The Foreign Intelligence Surveillance Act (FISA) allows the U.S. government open access to electronic information stored by non-US citizens on US-based servers, like a host of cloud services available today. iCloud, Google Drive, Dropbox, and other popular services are all subject to this law, passed in 2008 by the Bush administration and recently re-authorized by the Obama administration for another 5 years.
What this means is that any data stored by non-American citizens on cloud servers here in the US is able to be looked at in entirety by various agencies in the US federal government, including the NSA, FBI, and CIA.
Caspar Bowden, Chief Privacy Adviser to Microsoft Europe for nine years until 2011, told UK-based The Independent: “What this legislation means is that the US has been able to mine any foreign data in US Clouds since 2008, and nobody noticed.”
Several posts, like this one at the Huffington Post, written around the time of the re-authorization of the FISA mention email and overseas phone calls, but do not take notice of cloud-based data.
Sophie in ‘t Veld, a Dutch MEP who serves as vice chair of the European Parliament’s civil liberties committee, told The Independent, “Let’s turn this around and imagine this is not the United States having unlimited access to our data but the government of Mr Putin or the Chinese government – would we still wonder if it’s an urgent issue? Nobody would ask that question.”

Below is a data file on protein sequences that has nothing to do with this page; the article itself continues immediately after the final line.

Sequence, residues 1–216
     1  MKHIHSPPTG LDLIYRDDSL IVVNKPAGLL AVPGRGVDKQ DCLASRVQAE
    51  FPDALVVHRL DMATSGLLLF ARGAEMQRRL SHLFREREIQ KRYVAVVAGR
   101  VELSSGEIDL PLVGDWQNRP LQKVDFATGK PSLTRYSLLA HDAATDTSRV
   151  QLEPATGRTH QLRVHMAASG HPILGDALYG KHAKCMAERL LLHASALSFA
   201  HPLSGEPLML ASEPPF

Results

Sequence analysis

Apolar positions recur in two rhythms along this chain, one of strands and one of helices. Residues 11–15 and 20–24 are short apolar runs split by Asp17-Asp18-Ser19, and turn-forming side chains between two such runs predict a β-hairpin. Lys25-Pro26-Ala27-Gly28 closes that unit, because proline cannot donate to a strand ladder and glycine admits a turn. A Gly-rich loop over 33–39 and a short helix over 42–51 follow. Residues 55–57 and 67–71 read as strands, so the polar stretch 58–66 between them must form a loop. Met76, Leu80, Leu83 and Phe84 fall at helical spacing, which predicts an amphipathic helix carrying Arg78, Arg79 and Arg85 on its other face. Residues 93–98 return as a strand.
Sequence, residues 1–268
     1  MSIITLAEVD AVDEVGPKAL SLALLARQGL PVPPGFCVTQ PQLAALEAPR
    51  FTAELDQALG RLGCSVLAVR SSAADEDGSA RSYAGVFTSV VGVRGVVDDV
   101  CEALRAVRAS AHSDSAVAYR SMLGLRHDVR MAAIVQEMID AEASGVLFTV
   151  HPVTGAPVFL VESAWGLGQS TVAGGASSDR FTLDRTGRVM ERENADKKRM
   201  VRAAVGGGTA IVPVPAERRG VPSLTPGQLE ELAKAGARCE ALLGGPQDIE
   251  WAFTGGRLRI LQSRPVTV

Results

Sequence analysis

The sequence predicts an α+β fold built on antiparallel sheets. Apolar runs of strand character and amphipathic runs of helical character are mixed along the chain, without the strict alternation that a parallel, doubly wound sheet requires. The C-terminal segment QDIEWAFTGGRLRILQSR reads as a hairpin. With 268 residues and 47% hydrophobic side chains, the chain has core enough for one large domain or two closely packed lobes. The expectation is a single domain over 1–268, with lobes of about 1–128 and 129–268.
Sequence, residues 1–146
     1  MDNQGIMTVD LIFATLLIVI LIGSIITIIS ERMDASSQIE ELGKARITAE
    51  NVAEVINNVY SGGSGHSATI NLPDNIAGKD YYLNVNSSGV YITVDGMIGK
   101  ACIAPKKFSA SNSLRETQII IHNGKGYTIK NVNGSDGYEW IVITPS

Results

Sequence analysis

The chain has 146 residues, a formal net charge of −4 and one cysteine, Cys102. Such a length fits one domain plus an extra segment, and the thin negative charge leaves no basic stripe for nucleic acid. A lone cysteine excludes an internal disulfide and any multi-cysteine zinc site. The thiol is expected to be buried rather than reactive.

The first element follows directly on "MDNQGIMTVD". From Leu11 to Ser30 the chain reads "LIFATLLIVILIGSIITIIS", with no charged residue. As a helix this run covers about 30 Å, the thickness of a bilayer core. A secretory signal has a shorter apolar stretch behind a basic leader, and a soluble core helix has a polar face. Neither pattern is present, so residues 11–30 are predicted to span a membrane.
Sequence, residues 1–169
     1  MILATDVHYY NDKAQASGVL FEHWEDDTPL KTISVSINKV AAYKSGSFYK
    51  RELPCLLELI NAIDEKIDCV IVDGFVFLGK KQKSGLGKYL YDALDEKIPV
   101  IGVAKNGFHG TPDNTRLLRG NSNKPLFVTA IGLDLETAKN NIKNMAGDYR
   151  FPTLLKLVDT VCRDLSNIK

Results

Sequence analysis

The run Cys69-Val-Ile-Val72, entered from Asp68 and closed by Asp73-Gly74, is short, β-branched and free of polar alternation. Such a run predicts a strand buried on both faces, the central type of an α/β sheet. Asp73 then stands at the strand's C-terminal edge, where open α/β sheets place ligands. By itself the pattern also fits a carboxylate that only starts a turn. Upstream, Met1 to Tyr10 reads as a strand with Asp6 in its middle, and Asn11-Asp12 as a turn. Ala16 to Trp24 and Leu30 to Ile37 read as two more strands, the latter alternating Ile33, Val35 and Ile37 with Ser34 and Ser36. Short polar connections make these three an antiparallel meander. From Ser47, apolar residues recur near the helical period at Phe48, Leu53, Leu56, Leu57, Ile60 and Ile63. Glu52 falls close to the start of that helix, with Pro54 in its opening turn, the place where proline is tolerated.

While we may imagine that the US won’t use the data for anything nefarious, we just may be too naive. Even worse, however, is the precedent this sets for countries to gather data on non-citizens via commercial services that may in the future be housed in a location other than our country of origin.
We’ve contacted Apple, Google, and Dropbox for comment, and will update if we receive a response.
Update Google responded to our request for comment with Google’s general policy on these types of issues, saying that the company is unable to comment on FISA, specifically. They also pointed us to the official blog post and FAQ, as well.
Law enforcement agencies must be able to pursue illegal activity and keep the public safe. But it’s just as important that laws protect our users against overly broad requests for their personal information.
Respect for the privacy and security of data that users store with Google underpins our approach. Before complying with a government request, we make sure it follows the law and Google’s policies. We notify users about legal demands when appropriate, unless prohibited by law or court order. And if we believe a request is overly broad, we seek to narrow it — like when we persuaded a court to drastically limit a U.S. government request for two months’ of user search queries.
We’re still awaiting any word from Apple or Dropbox.
Source: The Independent